January 2022 Economic Indicators

In November of 2021 the unemployment rate for the State of Michigan remained steady while the City of Detroit’s unemployment rate declined from the previous two months. The State of Michigan reported an unemployment rate of 5.9 in November, which was just slightly below the 6.2 percent unemployment rate reported in October. This is the first time the State’s unemployment rate has gone above 6.1 percent since January of 2021. In November of 2020 the unemployment rate was 6.3, which is on par with the November 2021 rate.

For the City of Detroit, the unemployment rate for November of 2021 was 8.4 percent, which is below the October rate of 10 and the September rate of 11.7. In November of 2020 the Detroit unemployment rate was 18.7, meaning there has been a significant decrease in the local unemployment rate in the last year.

While the data sets explored here show that unemployment rates are returning to pre-pandemic rates, the leisure, hospitality and tourism industries remain among the hardest hit, with many jobs not expected to return. But, hope remains, especially has new business formations increased by 56 percent in 2021, according to Michigan State University.

As should be expected, each county in Southeastern Michigan, with the exception of Washtenaw County, had a higher unemployment rate in November of 2020 as compared to November of 2021. Wayne County had the largest decrease between 2020 and 2021 at 7.1 points; the November 2021 unemployment rate was 4.9 percent. Wayne County also had the highest unemployment rate of the seven counties in November of 2021. Washtenaw County had the second highest unemployment rate during this time period at 4.7 percent, which was higher than the 2020 November unemployment rate of 3.7 percent.  Livingston County had the lowest unemployment rate in November of 2021 at 2.5 percent; the unemployment rate was 6.3 percent in November of 2020.

The charts below show the percent changes in the Consumer Price Index (CPI) on a month-to-month basis and a year-to-year basis for each month in years 2019, 2020 and 2021 in the Midwest Region. The CPI is a measure that examines the weighted average of prices of consumer goods and services, such as transportation, food, energy, housing and medical care. It is calculated by taking price changes for each item in the predetermined group of goods and averaging them.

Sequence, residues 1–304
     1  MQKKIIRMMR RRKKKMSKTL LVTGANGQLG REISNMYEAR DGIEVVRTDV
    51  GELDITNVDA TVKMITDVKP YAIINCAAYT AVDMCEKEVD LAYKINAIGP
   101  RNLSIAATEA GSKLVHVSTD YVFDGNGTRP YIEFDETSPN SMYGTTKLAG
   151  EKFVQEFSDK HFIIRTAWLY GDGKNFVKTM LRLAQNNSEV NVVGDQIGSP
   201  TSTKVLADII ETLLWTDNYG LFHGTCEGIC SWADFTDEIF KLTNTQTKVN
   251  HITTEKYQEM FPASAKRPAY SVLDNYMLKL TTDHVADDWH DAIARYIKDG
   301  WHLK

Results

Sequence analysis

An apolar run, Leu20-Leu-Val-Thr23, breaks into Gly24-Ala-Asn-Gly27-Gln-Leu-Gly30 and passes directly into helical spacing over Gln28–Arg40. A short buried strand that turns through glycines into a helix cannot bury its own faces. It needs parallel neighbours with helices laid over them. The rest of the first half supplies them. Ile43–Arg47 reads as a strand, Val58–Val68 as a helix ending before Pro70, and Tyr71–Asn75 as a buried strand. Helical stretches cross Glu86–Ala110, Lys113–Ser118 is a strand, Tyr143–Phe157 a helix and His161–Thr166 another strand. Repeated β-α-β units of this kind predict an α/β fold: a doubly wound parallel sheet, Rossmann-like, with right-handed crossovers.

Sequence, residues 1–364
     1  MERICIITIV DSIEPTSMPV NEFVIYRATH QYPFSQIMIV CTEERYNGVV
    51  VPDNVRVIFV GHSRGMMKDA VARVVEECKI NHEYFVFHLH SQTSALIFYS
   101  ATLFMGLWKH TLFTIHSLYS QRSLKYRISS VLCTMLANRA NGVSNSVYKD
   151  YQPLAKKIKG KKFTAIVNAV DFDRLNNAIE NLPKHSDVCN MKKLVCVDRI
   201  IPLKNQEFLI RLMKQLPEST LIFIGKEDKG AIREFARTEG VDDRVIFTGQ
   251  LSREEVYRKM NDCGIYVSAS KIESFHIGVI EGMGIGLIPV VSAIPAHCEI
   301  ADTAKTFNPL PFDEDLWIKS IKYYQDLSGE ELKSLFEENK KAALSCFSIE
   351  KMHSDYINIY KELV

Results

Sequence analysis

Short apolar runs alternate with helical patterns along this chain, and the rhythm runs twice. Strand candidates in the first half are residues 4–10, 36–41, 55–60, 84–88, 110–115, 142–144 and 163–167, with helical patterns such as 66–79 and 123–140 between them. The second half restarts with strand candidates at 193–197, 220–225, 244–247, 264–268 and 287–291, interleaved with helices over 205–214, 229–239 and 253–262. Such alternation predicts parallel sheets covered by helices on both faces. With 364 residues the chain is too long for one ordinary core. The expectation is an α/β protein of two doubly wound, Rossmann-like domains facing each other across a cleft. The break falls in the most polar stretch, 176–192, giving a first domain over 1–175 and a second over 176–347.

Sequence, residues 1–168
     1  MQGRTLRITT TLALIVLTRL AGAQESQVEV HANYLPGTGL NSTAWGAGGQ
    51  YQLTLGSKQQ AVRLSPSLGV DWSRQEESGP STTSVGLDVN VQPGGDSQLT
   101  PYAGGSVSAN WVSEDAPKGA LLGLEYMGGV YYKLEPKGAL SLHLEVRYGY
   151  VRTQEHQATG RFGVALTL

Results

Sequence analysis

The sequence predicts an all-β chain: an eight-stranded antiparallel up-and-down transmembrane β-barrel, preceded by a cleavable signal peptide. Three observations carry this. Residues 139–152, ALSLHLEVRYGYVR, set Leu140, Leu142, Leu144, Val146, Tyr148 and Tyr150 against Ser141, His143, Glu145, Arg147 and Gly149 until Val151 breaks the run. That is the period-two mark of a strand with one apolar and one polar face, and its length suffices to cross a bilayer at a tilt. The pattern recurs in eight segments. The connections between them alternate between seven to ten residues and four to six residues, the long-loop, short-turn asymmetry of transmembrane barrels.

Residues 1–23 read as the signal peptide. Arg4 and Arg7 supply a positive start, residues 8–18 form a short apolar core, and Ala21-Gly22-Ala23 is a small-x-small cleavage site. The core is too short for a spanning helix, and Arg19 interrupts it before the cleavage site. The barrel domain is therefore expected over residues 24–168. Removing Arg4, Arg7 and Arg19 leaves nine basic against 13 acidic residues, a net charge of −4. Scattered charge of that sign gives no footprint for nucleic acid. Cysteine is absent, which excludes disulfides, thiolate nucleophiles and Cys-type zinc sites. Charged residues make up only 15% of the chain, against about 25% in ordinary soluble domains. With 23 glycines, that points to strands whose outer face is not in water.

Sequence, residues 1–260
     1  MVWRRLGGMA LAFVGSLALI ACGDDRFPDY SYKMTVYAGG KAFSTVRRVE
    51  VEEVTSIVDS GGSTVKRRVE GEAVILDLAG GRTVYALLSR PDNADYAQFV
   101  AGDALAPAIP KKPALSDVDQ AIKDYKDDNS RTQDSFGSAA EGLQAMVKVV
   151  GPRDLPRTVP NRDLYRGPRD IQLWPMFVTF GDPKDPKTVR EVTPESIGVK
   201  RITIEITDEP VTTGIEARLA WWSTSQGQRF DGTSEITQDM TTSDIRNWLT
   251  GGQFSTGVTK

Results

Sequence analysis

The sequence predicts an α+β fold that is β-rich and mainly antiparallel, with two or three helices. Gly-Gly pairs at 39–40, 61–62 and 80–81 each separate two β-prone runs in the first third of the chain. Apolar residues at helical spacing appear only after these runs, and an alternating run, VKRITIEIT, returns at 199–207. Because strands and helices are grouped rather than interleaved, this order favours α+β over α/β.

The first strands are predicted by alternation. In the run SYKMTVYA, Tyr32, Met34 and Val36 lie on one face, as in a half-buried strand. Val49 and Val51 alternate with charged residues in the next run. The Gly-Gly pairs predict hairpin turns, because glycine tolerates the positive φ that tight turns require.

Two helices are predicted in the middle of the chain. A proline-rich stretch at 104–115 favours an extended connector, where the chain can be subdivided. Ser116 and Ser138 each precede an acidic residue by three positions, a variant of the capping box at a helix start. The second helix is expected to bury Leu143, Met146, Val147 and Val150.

The first  chart below highlights how the CPI changed on a month-to-month basis between 2019 and 2021. Currently in 2021, area prices are up 0.4 percent between October and November. According to the Bureau of Labor Statistics, contributing factors to the increase include a 2 percent increase for new and used motor vehicles and a 0.4 percent increase for shelter; the cost of apparel, education and communication decreased. Other factors included the increased cost of “food away from home” prices, which increased 1.2 percent, and energy prices which increased 0.8 percent.

When examining the second chart, which shows how prices changed on a year-to-year basis,  we see how prices continue to increase in 2021, with the November year-to-year CPI being the highest increase shown below. In November of 2021 the CPI was reported to be 7.9 percent above what it was the year prior. Contributing factors to the continued increase in the CPI include an increase in new and used motor vehicle prices by 17.2 percent, an increase in shelter by 4.5 percent, and an increase in household furnishings and operations by 7.6 percent. Additionally, energy prices increased by 36.7 percent between November of 2020 and November of 2021, largely due to higher prices for gasoline (62.9 percent). Prices paid for natural gas service increased 35.3 percent, and prices for electricity rose 3.6 percent during the last year. Food prices increased by 7.1 percent over the year, which also contributed to the increased CPI.

Home prices continue to increase, as has already been indicated by the increasing CPI. In Metro Detroit, according to the Case-Shiller Home Price Index, the average price of single-family dwellings sold was $156,550 in September of 2021; this was $1,110 higher than the average family dwelling price in August. The September 2021 price was an increase of $20,790 from September of 2020 and $58,210 from September of 2014. Home prices have continued to increase year-after-year but the recent average price of single-family dwellings sold in the Metro-Detroit area has shown signs of slowing down. For example, if you look at past economic indicators over the last year, the data shows that month-to-month and year-to-year increases were higher in previous months than for September.

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